The tensile mechanical properties of unfilled PP, PP/5%M-5 and PP/10% M-5 before and after biaxial deformation were presented in Figure 2. The typical stress-strain curves can be found in Supplementary Figure S1. Both Young’s modulus and yield strength increased with the addition of GNP and with increasing SR. The increase in Young’s modulus due to stretching was most significant for unfilled PP, with SR giving ∼2 fold increase in the Young’s modulus. Such significant increase in stiffness may be attributed to the strong alignment of the crystalline region within the PP, producing more oriented chains in the stretching direction (Díez et al., 2005). This is also consistent with the crystallinity data shown in Figure 1, where biaxially stretched unfilled PP have greatly enhanced Xc%. In contrast, the effect of stretching on Young’s moduli of PP/5%M-5 and PP/10% M-5 was less distinctive, as the presence of GNP has already led to significantly enhanced the composite crystallinity, and the Xc% change in these samples are less sensitive to stretching.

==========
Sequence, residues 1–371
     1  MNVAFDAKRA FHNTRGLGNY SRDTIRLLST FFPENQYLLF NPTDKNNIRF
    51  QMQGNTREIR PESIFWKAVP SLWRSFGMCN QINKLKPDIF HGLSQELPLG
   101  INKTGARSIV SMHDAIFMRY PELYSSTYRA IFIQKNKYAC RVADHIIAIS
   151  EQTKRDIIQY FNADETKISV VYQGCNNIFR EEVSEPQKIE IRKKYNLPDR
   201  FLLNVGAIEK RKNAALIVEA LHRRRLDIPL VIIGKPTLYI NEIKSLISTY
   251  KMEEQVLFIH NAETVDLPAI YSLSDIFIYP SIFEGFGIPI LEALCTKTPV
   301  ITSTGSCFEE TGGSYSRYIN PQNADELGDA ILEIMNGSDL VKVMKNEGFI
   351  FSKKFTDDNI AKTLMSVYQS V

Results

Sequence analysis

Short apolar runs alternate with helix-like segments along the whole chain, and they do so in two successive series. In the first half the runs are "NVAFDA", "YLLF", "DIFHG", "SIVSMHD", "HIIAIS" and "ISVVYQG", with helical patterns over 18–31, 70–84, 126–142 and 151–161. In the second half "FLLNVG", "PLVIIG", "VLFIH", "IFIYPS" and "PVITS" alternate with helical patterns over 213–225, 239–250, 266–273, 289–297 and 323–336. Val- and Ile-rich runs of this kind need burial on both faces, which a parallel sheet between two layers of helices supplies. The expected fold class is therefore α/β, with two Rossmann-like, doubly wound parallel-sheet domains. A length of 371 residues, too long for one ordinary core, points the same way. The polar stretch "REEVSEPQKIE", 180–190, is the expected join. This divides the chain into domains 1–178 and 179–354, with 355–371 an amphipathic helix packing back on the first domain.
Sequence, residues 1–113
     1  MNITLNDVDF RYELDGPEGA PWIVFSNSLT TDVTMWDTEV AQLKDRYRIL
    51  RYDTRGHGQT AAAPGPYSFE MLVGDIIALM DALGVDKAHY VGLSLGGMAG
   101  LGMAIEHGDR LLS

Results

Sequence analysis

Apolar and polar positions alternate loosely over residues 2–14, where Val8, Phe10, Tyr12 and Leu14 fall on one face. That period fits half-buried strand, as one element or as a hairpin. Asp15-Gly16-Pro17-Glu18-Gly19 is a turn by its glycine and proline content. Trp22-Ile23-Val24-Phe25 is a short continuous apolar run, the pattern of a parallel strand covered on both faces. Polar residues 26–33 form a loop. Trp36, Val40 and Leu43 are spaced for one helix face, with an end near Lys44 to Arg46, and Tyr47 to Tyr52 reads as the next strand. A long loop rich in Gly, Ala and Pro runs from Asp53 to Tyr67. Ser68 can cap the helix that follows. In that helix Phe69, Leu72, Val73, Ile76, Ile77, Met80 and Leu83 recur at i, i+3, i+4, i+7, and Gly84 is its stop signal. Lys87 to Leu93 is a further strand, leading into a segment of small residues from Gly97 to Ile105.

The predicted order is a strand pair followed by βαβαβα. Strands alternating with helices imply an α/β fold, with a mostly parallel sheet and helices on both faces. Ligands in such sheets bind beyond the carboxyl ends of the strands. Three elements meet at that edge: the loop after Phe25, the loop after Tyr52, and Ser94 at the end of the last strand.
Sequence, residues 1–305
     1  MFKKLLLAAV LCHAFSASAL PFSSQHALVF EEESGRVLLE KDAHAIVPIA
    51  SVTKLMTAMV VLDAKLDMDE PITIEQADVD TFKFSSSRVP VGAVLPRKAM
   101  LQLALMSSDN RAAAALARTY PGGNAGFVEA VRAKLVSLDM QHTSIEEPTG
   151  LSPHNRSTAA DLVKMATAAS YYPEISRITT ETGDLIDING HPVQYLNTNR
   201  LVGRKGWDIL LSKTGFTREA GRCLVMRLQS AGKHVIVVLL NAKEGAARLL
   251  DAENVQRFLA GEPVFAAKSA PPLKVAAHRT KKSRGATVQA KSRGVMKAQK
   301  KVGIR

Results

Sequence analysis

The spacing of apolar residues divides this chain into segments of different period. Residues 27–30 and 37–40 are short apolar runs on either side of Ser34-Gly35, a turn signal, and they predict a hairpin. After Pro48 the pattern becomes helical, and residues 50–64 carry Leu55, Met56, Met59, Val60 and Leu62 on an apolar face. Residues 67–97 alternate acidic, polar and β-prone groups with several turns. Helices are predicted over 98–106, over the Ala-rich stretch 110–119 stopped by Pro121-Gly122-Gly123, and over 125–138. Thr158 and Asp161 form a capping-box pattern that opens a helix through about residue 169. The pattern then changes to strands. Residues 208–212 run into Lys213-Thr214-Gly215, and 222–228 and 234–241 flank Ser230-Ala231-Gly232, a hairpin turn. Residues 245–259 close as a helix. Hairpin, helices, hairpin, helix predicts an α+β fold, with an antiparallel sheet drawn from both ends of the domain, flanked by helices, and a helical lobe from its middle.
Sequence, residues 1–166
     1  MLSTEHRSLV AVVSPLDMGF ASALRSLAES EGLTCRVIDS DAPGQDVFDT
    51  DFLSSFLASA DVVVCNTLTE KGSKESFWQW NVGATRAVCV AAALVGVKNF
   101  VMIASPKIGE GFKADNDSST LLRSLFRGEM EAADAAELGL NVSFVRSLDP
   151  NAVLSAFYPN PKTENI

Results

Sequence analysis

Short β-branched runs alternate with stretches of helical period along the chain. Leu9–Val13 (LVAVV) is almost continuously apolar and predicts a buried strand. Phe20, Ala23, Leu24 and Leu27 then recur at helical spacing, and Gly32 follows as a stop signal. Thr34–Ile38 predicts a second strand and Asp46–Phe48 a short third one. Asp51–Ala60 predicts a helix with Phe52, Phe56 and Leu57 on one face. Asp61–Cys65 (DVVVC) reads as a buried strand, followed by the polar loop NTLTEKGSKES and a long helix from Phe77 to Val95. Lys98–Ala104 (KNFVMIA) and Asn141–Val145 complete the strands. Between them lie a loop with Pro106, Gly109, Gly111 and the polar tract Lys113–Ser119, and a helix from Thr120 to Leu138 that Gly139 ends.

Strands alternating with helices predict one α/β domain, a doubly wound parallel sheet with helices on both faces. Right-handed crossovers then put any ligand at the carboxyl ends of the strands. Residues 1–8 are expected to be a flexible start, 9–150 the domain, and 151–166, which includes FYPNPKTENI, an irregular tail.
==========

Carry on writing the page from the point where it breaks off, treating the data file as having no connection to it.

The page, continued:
FIGURE 2. Effect of biaxial stretching on (A) Young’s Modulus and (B) yield strength of unfilled PP and PP/GNP composites.

Figure 2B shows that biaxial stretching also resulted in increased yield strength for both unfilled PP and PP/GNP composites. The result is similar to the simulation results reported for biaxially stretched PP, where a higher yield stress observed as draw ratios increase was attributed to the increased crystalline structure orientation (Kershah et al., 2020). Enhanced yield strengths for PP/GNP composites may be due to the presence of GNP could have restricted the molecular chain mobility during the deformation process. In addition, the resulting yield strengths seen for unfilled PP and PP/5%M-5 are similar at SR1.5 and SR2. The mechanical properties measurements obtained for the demonstrator parts are in line with the results of the SR1.5 PP/GNP composites.

Electrical Properties